Phone (2002)
By: Devon B. on April 25, 2007  |  Comments  |  Bookmark and Share
DVD
Force Entertainment (Australia). All Regions, PAL. 1.78:1 (16:9 enhanced). Korean DD 5.1. English Subtitles. 102 minutes
The Movie
Credits
Director: Byeong-ki Ahn
Starring: Ji-won Ha, Woo-jae Choi, Yu-mi Kim, Ji-yeon Choi, Seo-woo Eun
Music: Sang-ho Lee
Tagline: Don't answer.
Country: South Korea
Phone was made by Toilet Pictures. I'm not sure if I think that name is cool, funny, or cheesy, but regardless, it's a piece of trivia. I guess it's not much of a piece of trivia, since there's a big ol' "Toilet Pictures" at the start of the movie, so anyone that sits through the first, oh, I dunno, second of Phone will be aware of Toilet Pictures' involvement.

I had overlooked Phone since its release because I'd delved once too often into the realm of Asian horror and coming up with yet another boring ghost movie. Then I found out it was directed by Ahn Byeong-ki, who directed Nightmare, which is referred to as Scissors in the special features. I loved that film, so figured Phone might be better than your average, dark haired, ghoul girl flick. I suppose it is, but it's still not particularly engrossing.

The film focuses on a woman who's written some controversial articles about underage sex scandals. Because of her stories, she begins receiving menacing calls and e-mails. She tries to go low profile, and changes her phone number, but this doesn't prevent the calls; they get worse when she gets her new digits. These new, more intensified, calls aren't from her previous stalker, but from a ghost. A ghost that's taken an interest in a young girl close to the heroine.

Phone follows the formula familiar to Asian horror fans. First we figure out who's the ghost. Then we must ask why is the ghost angry? Next we need to know if they can, or in some cases, SHOULD be stopped. Finally, we can find out who killed our restless spirit, usually in the final reel. Sometimes a film will transcend this structure, as with Nightmare. But Phone lacks that film's engagement factor, and since its "mystery" isn't unique, it unravels far too slowly. While there are a few effective startles, the film isn't as visually impressive as Nightmare, which I found also made it less eerie.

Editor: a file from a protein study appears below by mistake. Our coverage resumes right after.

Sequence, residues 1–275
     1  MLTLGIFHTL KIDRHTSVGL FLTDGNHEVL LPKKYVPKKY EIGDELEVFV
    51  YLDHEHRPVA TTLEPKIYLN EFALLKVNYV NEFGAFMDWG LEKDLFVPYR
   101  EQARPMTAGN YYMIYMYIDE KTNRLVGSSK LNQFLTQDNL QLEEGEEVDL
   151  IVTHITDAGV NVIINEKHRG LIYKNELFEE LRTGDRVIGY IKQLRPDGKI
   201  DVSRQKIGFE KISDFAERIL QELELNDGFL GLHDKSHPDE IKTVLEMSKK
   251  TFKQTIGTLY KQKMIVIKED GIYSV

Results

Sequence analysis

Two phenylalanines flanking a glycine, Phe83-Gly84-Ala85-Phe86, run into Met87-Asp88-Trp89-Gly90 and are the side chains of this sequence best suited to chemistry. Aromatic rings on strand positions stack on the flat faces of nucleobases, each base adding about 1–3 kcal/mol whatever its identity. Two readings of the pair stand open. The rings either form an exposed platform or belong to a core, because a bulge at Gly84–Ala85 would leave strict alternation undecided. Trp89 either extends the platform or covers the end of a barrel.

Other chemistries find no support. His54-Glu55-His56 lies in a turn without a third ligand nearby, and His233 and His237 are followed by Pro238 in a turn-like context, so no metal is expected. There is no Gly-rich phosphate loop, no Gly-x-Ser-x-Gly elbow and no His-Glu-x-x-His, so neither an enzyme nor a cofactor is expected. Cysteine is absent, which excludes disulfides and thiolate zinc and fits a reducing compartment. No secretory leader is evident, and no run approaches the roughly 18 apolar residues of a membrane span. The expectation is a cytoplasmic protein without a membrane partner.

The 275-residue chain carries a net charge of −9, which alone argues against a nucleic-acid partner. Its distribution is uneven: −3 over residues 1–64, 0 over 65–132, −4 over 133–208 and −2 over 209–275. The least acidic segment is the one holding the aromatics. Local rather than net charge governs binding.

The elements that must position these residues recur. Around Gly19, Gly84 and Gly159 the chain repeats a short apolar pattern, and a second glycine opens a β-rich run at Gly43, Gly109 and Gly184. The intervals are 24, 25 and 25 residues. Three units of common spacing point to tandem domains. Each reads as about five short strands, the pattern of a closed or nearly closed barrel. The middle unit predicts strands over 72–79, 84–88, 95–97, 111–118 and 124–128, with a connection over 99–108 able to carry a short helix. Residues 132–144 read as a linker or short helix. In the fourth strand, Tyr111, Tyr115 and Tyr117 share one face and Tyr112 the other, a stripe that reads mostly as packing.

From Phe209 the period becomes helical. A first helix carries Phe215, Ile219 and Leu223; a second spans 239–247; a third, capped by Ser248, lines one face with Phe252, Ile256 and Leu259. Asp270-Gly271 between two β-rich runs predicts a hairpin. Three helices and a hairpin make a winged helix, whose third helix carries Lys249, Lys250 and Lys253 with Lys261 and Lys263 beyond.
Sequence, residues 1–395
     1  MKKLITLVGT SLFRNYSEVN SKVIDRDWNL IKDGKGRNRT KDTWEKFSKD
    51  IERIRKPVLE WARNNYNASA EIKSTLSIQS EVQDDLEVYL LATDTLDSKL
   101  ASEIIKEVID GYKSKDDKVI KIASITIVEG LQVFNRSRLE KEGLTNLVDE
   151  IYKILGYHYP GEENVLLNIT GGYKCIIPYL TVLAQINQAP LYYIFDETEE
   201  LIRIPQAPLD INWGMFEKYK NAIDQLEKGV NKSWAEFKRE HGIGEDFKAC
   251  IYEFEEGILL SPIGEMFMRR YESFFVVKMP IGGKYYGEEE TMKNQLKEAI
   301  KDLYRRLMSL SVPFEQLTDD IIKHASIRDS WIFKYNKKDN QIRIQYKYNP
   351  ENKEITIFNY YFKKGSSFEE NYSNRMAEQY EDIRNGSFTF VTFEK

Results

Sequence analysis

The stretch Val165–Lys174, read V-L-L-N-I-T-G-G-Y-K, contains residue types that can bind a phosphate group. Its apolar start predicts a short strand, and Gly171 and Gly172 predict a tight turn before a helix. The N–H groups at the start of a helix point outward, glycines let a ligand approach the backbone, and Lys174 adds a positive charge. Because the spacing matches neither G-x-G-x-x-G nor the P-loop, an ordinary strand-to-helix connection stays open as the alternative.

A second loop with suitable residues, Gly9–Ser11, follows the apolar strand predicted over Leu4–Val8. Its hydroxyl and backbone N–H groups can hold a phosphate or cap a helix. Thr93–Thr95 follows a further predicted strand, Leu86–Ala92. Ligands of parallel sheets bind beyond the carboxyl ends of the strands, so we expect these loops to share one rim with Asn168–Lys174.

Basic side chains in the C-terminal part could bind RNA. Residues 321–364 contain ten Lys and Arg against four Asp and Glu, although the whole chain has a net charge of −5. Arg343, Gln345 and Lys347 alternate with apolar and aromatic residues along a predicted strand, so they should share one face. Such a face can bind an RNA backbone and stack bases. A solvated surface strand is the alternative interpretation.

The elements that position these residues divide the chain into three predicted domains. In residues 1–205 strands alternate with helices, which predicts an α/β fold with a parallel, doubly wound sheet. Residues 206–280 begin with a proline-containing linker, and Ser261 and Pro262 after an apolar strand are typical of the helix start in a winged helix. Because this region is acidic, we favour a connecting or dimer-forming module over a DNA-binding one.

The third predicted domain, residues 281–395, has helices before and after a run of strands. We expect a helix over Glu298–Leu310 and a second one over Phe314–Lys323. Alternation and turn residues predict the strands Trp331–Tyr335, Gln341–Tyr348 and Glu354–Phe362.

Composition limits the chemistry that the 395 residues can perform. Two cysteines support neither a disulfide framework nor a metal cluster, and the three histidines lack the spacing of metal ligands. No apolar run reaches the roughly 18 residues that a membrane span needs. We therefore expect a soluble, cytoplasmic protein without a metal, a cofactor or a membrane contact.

However, one stand out element was the performance of child start Eun Seo-woo, confirming once again that nowhere does scary children quite as well as Asia. Eun exudes charm, cuteness, joy, and menace, often all within a single scene, and her performance makes Phone worth checking out.

The DVD sleeve compares Phone to Ringu and Dark Water, but it is actually far more like One Missed Call, and may have even been a source of inspiration for that film.
Video
Phone has a few spots, a bit of grain, some dirt, a bit of ghosting (not just in the story), and the print can be a bit murky. It's not great, but overall it is fine. It may not be the best transfer ever, but would be a lot better than most Asian DVDs would've been when Phone first came out.
Audio
The audio is in 5.1 Korean with optional English subs. A haunting, swirling soundscape is created with music and sounds where appropriate, but the ringing of phones gets old FAST.
Extra Features
You actually get a fair few extras here. Roughly 20 minutes of cast and crew interviews are available for your perusal, and these are generally interesting. There's also a 44 minute making of, which is sadly mostly made up of raw footage and a few clips from the film. This is still somewhat interesting, if just for the opportunity to watch Eun at work. A 13 minute behind the scenes is really just goofing off on the set, and the six minute production featurette focuses on make up and set ups. There're a few brief deleted scenes, as well as the trailer and TV commercial, and finally a clip from the wrap of the filming rounding things out.
The Verdict
Nightmare has made it into my annual Halloween with the likes of Halloween, so I had high expectations for Phone. It's not bad at all, but is a bit slow. If you love Asian ghost movies, this one's about on par with Visible Secret or A Wicked Ghost, and if you hate Asian ghost movies, it's still about on par with those two.
Movie Score
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